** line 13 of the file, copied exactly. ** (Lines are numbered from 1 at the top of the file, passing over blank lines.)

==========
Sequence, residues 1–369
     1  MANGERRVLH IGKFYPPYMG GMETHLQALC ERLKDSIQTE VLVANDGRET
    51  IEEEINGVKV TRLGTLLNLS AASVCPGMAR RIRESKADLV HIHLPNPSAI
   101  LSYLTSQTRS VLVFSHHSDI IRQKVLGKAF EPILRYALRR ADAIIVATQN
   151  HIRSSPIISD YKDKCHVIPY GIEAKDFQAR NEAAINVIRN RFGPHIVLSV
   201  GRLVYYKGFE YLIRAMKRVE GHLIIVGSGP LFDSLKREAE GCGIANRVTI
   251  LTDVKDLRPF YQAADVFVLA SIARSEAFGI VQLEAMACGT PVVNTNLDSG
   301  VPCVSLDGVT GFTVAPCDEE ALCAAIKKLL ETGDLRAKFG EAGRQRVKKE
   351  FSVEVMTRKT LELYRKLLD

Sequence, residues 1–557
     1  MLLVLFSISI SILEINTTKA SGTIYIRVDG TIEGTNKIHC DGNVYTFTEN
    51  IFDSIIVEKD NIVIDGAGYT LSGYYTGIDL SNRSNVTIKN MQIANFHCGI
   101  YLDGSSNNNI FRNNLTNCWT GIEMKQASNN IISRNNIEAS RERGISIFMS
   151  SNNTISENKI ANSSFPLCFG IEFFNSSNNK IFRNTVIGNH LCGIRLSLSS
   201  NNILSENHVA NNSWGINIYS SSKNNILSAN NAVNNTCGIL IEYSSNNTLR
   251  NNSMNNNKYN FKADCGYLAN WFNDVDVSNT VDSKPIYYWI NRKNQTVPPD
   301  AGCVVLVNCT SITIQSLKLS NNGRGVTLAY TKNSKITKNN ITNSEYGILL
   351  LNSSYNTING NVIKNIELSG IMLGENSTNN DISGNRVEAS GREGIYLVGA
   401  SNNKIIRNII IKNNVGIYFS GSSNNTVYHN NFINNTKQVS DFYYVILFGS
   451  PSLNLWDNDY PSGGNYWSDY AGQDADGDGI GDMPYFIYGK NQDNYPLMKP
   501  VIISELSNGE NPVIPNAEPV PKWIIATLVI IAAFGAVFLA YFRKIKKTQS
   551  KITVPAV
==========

   101  YLDGSSNNNI FRNNLTNCWT GIEMKQASNN IISRNNIEAS RERGISIFMS